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Drones Used to Combat Illegal Fishing in Belize

On the forefront of technological reef research the country of Belize has assigned drones to combat illegal fishing throughout marine protected areas, in what may be the first use of drones for conservation. “Belize has been a leader in the establishment of marine protected areas, including the world-famous Glover’s Reef Marine Reserve, but fishing regulations are difficult to enforce on the open sea,” said Julio Maaz, Communities Fisheries Coordinator for WCS’s Marine Program in Belize. “Drones offer a means of improving the rate of detection of illegal activities at a fraction of the cost required for patrol vessels.” 140722152432 large Drones Used to Combat Illegal Fishing in Belize The unmanned aerial drones will begin a new monitoring program that is a partnership between the Wildlife Conservation Society who provided the technical expertise, and the Belize Fisheries Department. “This exciting new enforcement tool will help the government and local communities protect their most valuable assets — the fisheries and coral reefs of Belize’s coastal waters,” said Dr. Caleb McClennen, Executive Director of WCS Marine Conservation. “The world’s oceans are in dire need of low cost innovations for improving the cost efficiency and effectiveness of enforcement efforts. This represents an exciting pilot program for Belize, the wider Caribbean, and nearshore marine parks and fisheries around the world.” Read more here!

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What a Trooper – Octopus Broods Eggs for Record 4 1/2 Years Before Dying

 The Monterey Bay Aquarium published a paper to the Public Library of Science on Wednesday detailing their findings of a deep sea female Graneledone boreopacifica octopus found with a clutch of eggs in May of 2007. Identifiable by the scars and markings on her mantle, the scientists returned to the site off the California coast a total of 18 times until she finally met her demise four-and-a-half years later. Dubbed “Octomom” by the scientists, she laid approximately between 155 to 165 eggs per clutch. Most mothers pass away after only their first clutch, which makes these findings quite shocking. Lack of predation due to her low depth, low water temperature and low metabolic demand due to her inactivity is attributed to her extreme lifespan. You can read more of the fascinating details at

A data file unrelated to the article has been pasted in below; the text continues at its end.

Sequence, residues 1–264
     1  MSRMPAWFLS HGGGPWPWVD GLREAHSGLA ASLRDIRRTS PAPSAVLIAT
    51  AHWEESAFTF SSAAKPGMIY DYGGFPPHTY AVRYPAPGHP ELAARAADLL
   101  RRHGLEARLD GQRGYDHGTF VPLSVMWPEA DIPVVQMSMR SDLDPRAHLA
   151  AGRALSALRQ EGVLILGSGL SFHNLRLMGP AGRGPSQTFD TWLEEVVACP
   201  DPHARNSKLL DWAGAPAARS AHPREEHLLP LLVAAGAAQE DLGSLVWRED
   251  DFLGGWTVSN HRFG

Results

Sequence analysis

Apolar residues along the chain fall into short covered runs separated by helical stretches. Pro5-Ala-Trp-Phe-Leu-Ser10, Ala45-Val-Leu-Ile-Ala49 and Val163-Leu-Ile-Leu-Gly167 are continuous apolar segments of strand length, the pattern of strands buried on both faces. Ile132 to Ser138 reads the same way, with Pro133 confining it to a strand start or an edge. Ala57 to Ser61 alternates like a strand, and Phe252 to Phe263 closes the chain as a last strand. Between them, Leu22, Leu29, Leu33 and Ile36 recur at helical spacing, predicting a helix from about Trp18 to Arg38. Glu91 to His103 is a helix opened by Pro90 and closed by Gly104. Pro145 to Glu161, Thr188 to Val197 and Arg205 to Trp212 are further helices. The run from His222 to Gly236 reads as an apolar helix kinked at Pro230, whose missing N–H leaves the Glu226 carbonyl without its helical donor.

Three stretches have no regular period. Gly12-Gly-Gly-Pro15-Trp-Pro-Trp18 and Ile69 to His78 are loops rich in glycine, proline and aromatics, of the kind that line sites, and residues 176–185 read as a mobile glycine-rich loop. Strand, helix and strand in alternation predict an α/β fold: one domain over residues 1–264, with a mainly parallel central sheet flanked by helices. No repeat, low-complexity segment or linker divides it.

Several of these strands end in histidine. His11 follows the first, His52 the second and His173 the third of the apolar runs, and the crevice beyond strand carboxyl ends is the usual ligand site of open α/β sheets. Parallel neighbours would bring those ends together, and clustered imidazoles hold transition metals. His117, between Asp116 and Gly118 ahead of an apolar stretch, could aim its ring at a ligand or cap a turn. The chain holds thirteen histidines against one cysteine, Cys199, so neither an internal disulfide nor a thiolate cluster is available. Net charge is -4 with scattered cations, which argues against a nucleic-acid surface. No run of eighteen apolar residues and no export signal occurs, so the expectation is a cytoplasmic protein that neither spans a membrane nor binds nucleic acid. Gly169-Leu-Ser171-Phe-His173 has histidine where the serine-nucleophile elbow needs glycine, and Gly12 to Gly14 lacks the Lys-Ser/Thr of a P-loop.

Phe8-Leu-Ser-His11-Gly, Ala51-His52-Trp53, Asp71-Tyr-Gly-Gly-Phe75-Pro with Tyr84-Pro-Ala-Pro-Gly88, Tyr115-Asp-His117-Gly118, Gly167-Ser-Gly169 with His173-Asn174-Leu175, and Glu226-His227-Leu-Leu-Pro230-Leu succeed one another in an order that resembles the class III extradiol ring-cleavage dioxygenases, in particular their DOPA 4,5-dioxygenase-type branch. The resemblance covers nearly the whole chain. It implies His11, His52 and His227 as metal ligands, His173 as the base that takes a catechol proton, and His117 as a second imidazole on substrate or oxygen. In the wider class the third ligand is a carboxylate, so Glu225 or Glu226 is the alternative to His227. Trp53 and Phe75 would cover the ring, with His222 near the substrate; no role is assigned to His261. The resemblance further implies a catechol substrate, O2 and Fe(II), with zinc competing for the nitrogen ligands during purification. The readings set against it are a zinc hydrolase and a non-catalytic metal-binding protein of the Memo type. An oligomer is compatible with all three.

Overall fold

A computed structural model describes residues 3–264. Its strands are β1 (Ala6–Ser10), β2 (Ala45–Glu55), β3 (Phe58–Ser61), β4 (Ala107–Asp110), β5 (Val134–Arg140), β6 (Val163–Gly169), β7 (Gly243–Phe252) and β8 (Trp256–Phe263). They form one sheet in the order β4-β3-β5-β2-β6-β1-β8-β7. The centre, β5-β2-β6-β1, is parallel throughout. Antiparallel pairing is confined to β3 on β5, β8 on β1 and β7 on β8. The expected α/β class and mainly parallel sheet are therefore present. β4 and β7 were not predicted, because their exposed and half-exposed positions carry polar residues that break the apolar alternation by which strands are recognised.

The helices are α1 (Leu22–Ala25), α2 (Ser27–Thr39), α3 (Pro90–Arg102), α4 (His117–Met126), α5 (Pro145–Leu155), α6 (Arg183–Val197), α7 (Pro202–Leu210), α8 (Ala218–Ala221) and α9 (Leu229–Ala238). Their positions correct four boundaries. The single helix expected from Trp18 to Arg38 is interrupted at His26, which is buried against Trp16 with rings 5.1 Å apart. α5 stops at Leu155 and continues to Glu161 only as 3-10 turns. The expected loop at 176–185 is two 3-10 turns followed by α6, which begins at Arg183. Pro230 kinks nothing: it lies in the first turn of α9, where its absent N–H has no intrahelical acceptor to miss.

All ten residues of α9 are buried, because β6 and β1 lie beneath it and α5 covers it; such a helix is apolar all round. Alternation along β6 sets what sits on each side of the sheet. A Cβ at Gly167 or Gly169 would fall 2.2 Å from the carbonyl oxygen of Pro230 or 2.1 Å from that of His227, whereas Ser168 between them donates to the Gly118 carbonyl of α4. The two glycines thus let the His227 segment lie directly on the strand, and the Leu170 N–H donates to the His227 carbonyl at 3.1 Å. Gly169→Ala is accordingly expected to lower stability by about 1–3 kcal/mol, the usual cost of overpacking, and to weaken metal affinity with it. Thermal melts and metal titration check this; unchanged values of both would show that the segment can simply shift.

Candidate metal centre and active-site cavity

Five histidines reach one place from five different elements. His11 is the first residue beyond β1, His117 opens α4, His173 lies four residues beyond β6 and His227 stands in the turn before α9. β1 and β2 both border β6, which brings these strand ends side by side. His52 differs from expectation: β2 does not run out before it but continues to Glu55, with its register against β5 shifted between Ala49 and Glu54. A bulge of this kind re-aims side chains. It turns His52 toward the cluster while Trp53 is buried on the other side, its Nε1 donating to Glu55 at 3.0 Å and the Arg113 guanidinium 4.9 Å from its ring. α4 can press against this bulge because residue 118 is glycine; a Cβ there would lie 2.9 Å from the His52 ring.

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Marine Fish Propagation System at the Toledo Zoo

tz update13 1 Marine Fish Propagation System at the Toledo ZooYou’ve heard the saying, “It takes a village to raise a child.” Well, it can take thousands of copepods to raise one larval fish. Our curator of fishes, Jay Hemdal, and I recently went to a grant-funded workshop in Bristol, Rhode Island, to learn how to hatch marine fish eggs and raise juvenile fish, in preparation for the Aquarium reopening in March, 2015. Copepods, eggs and larvae, oh my A lot of people don’t know what a copepod is, but it’s an important food source to larval fish. Copepods are tiny crustaceans, related to crayfish and water fleas, that young, or larval, fish eat. We want to increase our knowledge of hatching and raising our own fish from eggs, because it will reduce the number of fish we get from the wild for the new Aquarium. A grant from the Institute of Museum and Library Services (IMLS) covered the costs for me and Jay to attend a recent workshop at Roger Williams University in Bristol, Rhode Island, in conjunction with the New England Aquarium. This was the third time this workshop had been offered More: Marine Fish Propagation System at the Toledo Zoo

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Octopus Selfies! Angry Octopus Has Had Enough of the Paparazzi

 Off the coast of Jacksonville, Florida, Joe Kistel was diving at depths of about 70 feet when he noticed a mass of shells that seemed out of place. Since this is usually an indication of an octopus lair, he went to further investigate. He set up his nearly $12,000 underwater camera and sure enough, our favorite cephalopod crawls out to check out the fancy gadget. All seems innocent as he reaches up as if to take a selfie, when he starts engulfing the camera within his tentacles. Kistel quickly realizes the octopus is removing a gasket – one responsible for keeping water from destroying the camera – and begins an epic tug-of-war. Surprisingly, Kistel won despite the octopus having a 6 arm advantage AND being covered in suction cups. He manages to retrieve the gasket before any damage is done and we get to enjoy the hilarious result. The octopus retreats to his unassuming lair and Kistel learns an important lesson in letting eight-armed, unpredictable sea creatures handle his fancy equipment. More about the story at The Daily Mail.